Sunday, June 3, 2012

Petrified Forest, The (1936)

Warner Bros.
Director: Archie Mayo
Starring: Leslie Howard, Bette Davis, Humphrey Bogart

Leslie Howard and Bette Davis, two wonderful actors of the mid 1930s and fellow co-stars for Of Human Bondage are reunited in film about love, passion for life, and death entitled The Petrified Forest. A story about two people simply passing each other in life, both of whom are lost souls searching for something better, are put in an unpredictable circumstance and discover what their destinies are. From this cast rises a new actor to the big screen, but unlike the actors of the past seems to carry with him a skill to add emotional demons that haunt his eyes to the very being of the character he is playing. Here his is a no name, but Humphrey Bogart would be given his first major chance in the movies, and makes the most of it as the ruthless mobster that holds up a small diner, including our unlikely couple, allowing for a relationship to come to fruition in a tragic love story.

The Petrified Forest a drama of wandering man that finds his purpose in life while traveling through the most unlikely of places, the Arizona desert, where he meets an intriguing young local lady how seeks greater things in the world, until they are held up together by an infamous mobster in her diner. Leslie Howard plays Alan Squier, a failed English writer on a soul journey of sorts as a hitchhikes through desert of Arizona. Here he meets Gabriella (Bette Davis), a local girl that helps her father run a gas station/ diner on the furthest edge of civilization. In their quick meeting she learns of his creative past, while he learns of her aspirations as an artist, but due to family and lack of funds is held down.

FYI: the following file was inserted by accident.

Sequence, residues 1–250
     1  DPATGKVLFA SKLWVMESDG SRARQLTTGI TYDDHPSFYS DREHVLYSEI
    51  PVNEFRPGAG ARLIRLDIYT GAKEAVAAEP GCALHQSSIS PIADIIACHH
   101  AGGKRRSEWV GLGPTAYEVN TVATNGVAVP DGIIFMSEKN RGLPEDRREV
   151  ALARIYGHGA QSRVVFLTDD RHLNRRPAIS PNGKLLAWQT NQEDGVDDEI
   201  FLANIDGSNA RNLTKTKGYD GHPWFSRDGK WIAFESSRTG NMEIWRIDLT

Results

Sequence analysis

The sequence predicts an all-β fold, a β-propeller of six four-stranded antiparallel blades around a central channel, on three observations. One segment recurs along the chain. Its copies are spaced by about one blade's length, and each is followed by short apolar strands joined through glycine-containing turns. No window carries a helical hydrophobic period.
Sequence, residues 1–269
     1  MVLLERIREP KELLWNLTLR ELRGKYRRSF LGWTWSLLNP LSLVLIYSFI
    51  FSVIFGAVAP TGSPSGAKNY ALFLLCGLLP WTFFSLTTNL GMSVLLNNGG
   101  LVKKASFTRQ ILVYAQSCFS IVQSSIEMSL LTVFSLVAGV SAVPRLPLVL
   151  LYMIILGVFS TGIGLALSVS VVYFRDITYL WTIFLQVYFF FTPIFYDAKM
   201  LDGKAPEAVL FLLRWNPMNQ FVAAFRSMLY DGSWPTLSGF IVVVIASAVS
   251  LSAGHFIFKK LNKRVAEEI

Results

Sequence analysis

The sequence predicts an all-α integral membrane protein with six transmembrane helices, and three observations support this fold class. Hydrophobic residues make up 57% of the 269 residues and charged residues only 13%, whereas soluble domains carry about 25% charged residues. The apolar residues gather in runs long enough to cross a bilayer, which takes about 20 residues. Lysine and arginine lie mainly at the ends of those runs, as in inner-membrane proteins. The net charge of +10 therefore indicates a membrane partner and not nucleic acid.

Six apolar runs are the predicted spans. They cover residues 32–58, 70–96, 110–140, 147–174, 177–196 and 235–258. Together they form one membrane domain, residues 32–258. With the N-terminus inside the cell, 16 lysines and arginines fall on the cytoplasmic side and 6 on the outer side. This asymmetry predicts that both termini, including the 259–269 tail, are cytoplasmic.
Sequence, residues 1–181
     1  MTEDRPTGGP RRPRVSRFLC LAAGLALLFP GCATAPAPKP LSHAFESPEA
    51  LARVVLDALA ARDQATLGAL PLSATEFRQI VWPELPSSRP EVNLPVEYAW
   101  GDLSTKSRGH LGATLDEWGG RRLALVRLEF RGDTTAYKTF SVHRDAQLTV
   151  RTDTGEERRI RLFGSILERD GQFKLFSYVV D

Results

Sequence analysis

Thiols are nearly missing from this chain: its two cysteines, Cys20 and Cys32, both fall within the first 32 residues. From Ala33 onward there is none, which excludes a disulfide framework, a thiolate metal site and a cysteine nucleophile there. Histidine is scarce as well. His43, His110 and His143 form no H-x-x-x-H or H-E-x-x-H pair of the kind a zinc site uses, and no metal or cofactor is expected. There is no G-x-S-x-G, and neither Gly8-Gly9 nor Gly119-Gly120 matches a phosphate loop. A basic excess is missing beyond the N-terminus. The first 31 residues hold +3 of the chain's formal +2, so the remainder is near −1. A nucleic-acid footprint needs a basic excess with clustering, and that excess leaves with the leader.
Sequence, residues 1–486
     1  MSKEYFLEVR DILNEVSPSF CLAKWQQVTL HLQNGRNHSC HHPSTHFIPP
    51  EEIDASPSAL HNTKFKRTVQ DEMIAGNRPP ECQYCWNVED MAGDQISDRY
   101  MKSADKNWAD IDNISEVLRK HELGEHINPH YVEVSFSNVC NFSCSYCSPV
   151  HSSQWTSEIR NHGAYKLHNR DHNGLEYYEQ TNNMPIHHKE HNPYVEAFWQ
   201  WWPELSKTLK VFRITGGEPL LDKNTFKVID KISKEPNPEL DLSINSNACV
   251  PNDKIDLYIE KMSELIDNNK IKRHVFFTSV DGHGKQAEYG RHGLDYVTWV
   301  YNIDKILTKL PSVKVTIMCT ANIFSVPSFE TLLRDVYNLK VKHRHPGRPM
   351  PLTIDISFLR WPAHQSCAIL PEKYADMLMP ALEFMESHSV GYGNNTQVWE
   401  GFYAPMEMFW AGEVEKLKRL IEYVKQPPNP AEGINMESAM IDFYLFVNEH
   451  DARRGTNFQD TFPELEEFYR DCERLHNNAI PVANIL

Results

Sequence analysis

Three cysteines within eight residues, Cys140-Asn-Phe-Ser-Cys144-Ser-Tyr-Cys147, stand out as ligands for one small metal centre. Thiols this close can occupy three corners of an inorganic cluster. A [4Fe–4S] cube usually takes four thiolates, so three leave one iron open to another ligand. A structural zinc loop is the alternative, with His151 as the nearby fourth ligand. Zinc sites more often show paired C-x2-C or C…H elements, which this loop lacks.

Both characters are intrigued with each other, and when notorious killer Duke Mantee (Humphrey Bogart) holds up the diner with our couple inside, we discover just how much these two mean to each other. Alan wants to help Gabriella, but knows that he would only further hold her back, breaking her heart in rejection. In a moment of deep seeded emotion Alan writes Gabriella’s name on his life insurance policy and asks for Mantee to shoot him when he leaves, leaving her a last will and testament that she take the $5000 policy payout and go peruse her dream in Europe as an artist, as she dreamed. When it looks like all will survive the ordeal, both Alan and Mantee die in a struggle, leaving Gabriella to discover what was left for her in the wake of her love’s death. This act of chivalry leaves Gabriella with a sense of purpose in service to the great sacrifice on behalf of Alan, who knew he was worth less in life, a poor wanderer, than he was in death, leaving her a dream and means to pursue it.

This is one of the simply good films that come up and surprise you when you see it. The Petrified Forest is a story that takes place, for the most part, in one location, rarely leaving the diner, where Alan and Gabriella meet and converse, live through Mantee’s actions, and ultimately Alan’s death. The film is dialogue driven, a clear giveaway it was based on a stage play, but hardly matters as it pulls you in as you watch this relationship blossom over the actions of a short day. Both characters start out down and lost in a big empty world, as shown but the barren setting of the Arizona desert, but by the end both find purpose in the world, even through tragedy. It is a touching love story, mixed with clever humor, and even a villain of sorts that pulls you into the his own story as a troubled man with a haunted mind played very well by a young Bogart. It is a fine story with fine cinematic qualities, a movie which gives you more than you expect.